Tickets are on sale for the first major exhibition on Scotland’s national animal, which opens to the public in March.

On Monday, Perth Museum announced that the unicorn will be the theme of its first exhibition when the new museum doors open to the public on March 30.

The exhibition, funded by £10 million UK Government investment through the Tay Cities Deal and by Perth and Kinross Council, will explore the cultural history of Scotland’s national animal.

It will explore various themes such as Scottish royalty and national symbolism, such as the Stone of Destiny – which is also on display at the museum.

The museum is a £27 million transformation of the former City Hall.

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The unicorn has been symbolic to several causes throughout the centuries.

It was once a component of medieval medicine and Scottish royalty.

It has also been adapted in cartoons and movies, and is often used as an icon by the LGBTQI+ community.

The exhibition will feature spectacular objects including manuscripts, illustrations, paintings, coins, sculpture, tapestry and shop signs.

Star loans include the magical Danny Jewel, an English Elizabethan pendant jewel of narwhal horn and enamelled gold, usually on display at the Victoria and Albert Museum (V&A) in London.

The Herald: The Danny Jewel, enamelled gold and a section of Narwhal’s tusk, England, ca.1550The Danny Jewel, enamelled gold and a section of Narwhal’s tusk, England, ca.1550 (Image: (Victoria and Albert Museum, London/PA))

Renaissance pendants were sometimes made as amulets for protection against danger.

People once believed that the tusk of the dolphin-like narwhal, found in Arctic waters, came from unicorns.

The V&A is also lending an intricately carved narwhal tusk from the early 12th century.

It is one of only two known medieval examples with carved decoration of foliage, human figures and serpent-tailed dragons.

The stunning oil painting, Lady and the Unicorn by the late-Renaissance Italian artist, Luca Longhi (1507-1580), will be shown in the UK for the first time, on loan from the Museo Nazionale di Castel Sant’Angelo – highlighting the enduring symbolism of the unicorn in the Middle Ages.

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A regal silver unicorn features atop the 19th century ceremonial rod or wand, part of the regalia of the Usher of the White Rod.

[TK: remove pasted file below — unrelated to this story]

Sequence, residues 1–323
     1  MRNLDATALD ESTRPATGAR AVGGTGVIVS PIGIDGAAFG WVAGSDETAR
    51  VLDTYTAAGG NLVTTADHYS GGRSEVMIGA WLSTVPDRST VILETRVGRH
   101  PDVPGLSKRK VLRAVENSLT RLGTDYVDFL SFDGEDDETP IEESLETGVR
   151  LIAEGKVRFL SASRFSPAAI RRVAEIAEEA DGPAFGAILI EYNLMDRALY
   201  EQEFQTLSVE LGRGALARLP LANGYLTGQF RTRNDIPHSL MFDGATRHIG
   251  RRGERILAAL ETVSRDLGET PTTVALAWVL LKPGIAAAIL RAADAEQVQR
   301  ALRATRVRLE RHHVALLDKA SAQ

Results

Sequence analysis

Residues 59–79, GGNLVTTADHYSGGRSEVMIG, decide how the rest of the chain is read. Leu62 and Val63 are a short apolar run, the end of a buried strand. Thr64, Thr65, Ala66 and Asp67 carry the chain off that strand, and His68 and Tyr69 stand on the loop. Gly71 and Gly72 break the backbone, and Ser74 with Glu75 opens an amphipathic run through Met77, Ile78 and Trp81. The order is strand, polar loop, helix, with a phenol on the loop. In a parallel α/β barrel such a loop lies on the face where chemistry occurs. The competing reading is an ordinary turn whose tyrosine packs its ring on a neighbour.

Made around the time of King George IV’s coronation and visit to Scotland, this rod also featured as part of the Coronation of the King last year.

This represents a tradition that dates back to the inauguration of Gaelic kings and the rod was the primary symbol of a rulers’ legitimate authority.

Although the Usher of the White Rod has not held duties since Scotland’s union with England in 1707, it is the counterpart to the role of the Usher of the Black Rod, now a senior officer in the House of Lords.

Alongside spectacular and historical loans from prestigious UK and international collections, there will also be objects and stories of personal significance from the local community.

The Herald: Illustrated page from the Book of Hours by Grote Geert, 1480-1490, Delft, NetherlandsIllustrated page from the Book of Hours by Grote Geert, 1480-1490, Delft, Netherlands (Image: (Fitzwilliam Museum, Cambridge/PA))

From ornaments and images to memorabilia and toys, the display will highlight the enduring power of the unicorn in contemporary culture.

There is still time to submit an object for this project at Perth Art Gallery or one of the participating libraries across Perth & Kinross.

UK Government Minister for Scotland Malcolm Offord said: “The unicorn is an enduring symbol of Scotland’s enchanting history, culture and landscape, so it is fitting that Perth Museum has chosen this as the theme of its first exhibition.

“The UK Government has invested £10 million in Perth Museum as part of our £150 million support for the Tay Cities Region Deal.

“In total we are investing more than £2.9 billion to level up across Scotland.”

JP Reid, senior new projects officer for Culture Perth and Kinross, added: “From medieval tapestries and oil paintings, to toys, videogames and movies, the figure of the unicorn has been a familiar but shifting cultural icon for over 2,000 years.

“We are thrilled to be able to display a stunning selection of artworks and artefacts, including a series of newly commissioned sculptures.

“With a long, complex, and often contradictory history, the unicorn has been a popular subject for contemporary artists, writers, musicians, filmmakers, and activists.

“It is a symbol through which ideas like authenticity, belief, gender, and nationalism can be explored.”